John Napier

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John Napier
John Napier

John Napier (also Latinized Neper ), Laird of Merchiston (* 1550 in Merchiston Castle near Edinburgh ; † April 4, 1617 ibid) was a Scottish mathematician , naturalist and theologian .


Napier was the eldest son of the Scottish Baron Archibald von Merchiston and received his education first at the University of St Andrews . Afterwards he probably traveled to Europe and acquired knowledge in mathematics and literature. In 1572 he received many of his father's lands. After studying theology, he also worked as a Protestant pastor. In religiously divided Scotland, he repeatedly attacked the Catholic Church and saw the Pope as an antichrist.

Napier and the Swiss Jost Bürgi developed the logarithm at about the same time, but independently of one another, as a calculation tool (1614, 1620) that was in use for centuries. In contrast to Bürgi's logarithms, which were hardly taken into account, Napier's invention was eagerly studied by scholars and, above all, rapidly developed by Henry Briggs (1556–1630).

Napier pursued the goal of being able to perform spherical trigonometric calculations purely logarithmically. For this purpose he developed important theorems of spherical trigonometry such as the half-angle theorem or Napier's analogies ( Logarithmorum canonis descriptio, 1620, pp. 47, 56). Napier's rules named after him are a concise summary of arithmetic formulas already known at the time for the right-angled spherical triangle , for which Napier gave an elegant proof ( Logarithmorum canonis descriptio, 1620, p. 56). 

The Napier computing sticks had a significant impact on the development of computing machines . They made it possible for Wilhelm Schickard to build the first mechanical calculating machine.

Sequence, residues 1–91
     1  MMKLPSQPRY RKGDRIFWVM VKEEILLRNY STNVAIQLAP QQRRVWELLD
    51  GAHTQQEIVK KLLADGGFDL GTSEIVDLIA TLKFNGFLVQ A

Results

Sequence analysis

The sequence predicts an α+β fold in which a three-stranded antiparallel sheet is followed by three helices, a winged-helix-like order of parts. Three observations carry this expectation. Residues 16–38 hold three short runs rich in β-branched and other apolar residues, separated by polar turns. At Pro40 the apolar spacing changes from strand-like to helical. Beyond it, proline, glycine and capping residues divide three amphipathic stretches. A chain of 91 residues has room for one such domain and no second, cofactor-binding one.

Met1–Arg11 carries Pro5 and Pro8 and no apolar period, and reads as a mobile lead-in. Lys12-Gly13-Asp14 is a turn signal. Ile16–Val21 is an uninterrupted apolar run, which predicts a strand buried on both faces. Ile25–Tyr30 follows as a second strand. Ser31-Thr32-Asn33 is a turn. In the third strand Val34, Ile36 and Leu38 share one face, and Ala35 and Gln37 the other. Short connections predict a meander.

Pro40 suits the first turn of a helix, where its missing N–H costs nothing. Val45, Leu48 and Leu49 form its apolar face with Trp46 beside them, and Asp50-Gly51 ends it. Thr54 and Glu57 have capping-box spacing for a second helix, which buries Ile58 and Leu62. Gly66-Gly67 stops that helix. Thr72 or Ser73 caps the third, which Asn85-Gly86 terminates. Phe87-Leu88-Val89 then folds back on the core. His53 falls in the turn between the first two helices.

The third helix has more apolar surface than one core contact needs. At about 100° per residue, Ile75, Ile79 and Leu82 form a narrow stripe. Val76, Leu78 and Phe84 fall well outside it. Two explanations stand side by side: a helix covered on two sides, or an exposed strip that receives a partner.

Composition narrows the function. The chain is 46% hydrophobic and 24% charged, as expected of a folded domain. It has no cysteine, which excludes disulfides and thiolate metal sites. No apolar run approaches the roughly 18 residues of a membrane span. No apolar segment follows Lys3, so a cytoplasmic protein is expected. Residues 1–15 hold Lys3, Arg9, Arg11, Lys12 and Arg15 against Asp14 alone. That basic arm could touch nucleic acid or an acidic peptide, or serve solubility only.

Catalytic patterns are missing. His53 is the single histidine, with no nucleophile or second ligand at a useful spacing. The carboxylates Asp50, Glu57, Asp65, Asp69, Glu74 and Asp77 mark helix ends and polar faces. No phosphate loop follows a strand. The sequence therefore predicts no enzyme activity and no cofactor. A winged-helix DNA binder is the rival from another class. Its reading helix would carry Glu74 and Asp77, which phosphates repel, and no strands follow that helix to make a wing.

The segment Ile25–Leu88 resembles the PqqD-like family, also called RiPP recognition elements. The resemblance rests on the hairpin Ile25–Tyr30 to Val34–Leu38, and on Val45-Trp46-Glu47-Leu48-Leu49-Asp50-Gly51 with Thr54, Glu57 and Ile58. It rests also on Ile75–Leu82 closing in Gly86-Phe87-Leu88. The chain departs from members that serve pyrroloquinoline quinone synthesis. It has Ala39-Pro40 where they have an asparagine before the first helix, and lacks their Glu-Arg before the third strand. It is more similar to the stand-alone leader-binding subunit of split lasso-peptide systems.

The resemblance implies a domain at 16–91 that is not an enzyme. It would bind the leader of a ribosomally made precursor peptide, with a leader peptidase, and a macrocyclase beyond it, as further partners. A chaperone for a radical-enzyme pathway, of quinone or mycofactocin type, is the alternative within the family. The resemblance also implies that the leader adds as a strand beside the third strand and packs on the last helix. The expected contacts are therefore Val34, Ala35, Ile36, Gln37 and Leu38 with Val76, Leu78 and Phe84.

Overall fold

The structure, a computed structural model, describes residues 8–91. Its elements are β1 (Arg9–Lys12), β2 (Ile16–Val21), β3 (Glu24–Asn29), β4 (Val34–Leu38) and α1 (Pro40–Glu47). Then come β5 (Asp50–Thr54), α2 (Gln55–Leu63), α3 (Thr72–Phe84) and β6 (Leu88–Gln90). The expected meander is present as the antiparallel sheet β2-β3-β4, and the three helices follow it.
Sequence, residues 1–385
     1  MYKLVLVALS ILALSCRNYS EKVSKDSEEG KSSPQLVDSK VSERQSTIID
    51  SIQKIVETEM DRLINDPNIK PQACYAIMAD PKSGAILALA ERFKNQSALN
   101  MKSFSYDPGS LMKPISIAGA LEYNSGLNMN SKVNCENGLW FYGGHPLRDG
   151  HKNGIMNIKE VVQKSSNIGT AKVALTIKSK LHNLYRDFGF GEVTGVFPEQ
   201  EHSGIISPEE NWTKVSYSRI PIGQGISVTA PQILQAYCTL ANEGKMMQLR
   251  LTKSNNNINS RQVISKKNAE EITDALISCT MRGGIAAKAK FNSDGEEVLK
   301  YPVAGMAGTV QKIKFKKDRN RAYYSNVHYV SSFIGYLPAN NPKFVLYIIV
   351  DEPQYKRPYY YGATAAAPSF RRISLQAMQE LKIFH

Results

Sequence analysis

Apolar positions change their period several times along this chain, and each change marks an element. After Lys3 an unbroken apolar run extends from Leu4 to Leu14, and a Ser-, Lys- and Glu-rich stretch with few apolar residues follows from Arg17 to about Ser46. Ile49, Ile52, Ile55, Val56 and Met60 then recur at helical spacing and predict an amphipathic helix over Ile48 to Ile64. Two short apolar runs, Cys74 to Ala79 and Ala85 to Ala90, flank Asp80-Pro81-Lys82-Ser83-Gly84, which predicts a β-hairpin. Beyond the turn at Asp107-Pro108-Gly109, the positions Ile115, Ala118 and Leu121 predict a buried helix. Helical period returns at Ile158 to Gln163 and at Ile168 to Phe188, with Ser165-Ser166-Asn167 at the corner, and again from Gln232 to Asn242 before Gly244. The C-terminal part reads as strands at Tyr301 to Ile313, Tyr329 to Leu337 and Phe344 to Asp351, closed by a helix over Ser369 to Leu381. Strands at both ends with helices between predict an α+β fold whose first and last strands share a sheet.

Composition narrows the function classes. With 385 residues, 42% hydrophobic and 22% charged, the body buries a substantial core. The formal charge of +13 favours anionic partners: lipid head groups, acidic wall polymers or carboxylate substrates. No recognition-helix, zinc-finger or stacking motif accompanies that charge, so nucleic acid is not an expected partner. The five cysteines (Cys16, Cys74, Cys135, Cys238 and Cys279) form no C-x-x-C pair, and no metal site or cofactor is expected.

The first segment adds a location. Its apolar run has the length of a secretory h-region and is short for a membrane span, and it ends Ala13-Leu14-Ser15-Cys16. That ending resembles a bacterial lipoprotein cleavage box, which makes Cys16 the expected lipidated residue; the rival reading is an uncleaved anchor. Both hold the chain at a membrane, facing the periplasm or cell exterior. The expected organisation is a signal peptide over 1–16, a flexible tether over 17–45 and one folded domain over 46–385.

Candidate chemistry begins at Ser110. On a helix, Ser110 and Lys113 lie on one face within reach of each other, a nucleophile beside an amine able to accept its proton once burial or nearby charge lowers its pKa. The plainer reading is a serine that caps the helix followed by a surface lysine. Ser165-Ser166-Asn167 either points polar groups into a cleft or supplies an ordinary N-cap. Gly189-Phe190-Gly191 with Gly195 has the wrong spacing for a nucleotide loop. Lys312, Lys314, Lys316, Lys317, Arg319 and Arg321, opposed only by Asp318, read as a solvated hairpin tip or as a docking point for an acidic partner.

In his honor, the auxiliary unit of measurement (pseudo- measure ) for damping electrical and acoustic vibrations was named Neper , but recently it has been increasingly replaced by the bel or decibel . In addition, the nit , a dimensionless unit of data volume that is no longer in use , was named after Napier .

One of the Edinburgh-based universities bears his name in his honor, Edinburgh Napier University . The university has several campuses all over the city . The Merchiston Campus, the university's oldest campus , grew up around Merchiston Castle , the birthplace and death place of John Napier.

The moon crater Neper is named after him. The same applies to Napier Island in Antarctica.


  • Mirifici logarithmorum canonis descriptio ejusque usus in utraque trigonometria etc. Edinburgh 1614.
  • Logarithmorum canonis descriptio; Tabula canonis logarithmorum; Mirifici logarithmorum canonis constructio. Bartholome'e Vincent, Lyon 1620. 
  • Rabdologiae seu numerationis per virgulas libri duo. Edinburgh 1617 (German adaptation by D. Bayr and Franz Kessler: Artificial arithmetic rods for advantageous and easy variation , Strasbourg 1618, digitized version ).
  • A Plaine Discovery of the Whole Revelation of St. John. Edinburgh 1593.


Web links

Commons : John Napier  - collection of pictures, videos and audio files

Individual evidence

  1. Life data according to Margaret Baron: Napier, John , in Dictionary of Scientific Biography, from 1972.
  2. Eckart Roloff : Divine flashes of inspiration. Pastors and priests as inventors and discoverers. 2nd Edition. Weinheim 2012, ISBN 978-3-527-32864-2 ; therein the chapter John Napier (1550–1617): It works without multiplication tables - just multiply with bars, pp. 146–148.
  3. A. v. Braunmühl: history of trigonometry . tape 2 . Leipzig 1903, p. 4, 10 .
  4. ^ Napier's analogies, Mathworld
  5. U. Dietrich, K. Girstmair: John Napier's Trigonometry - a look back . In: Math. Semesterber. tape 56 , 2009, p. 215-232 .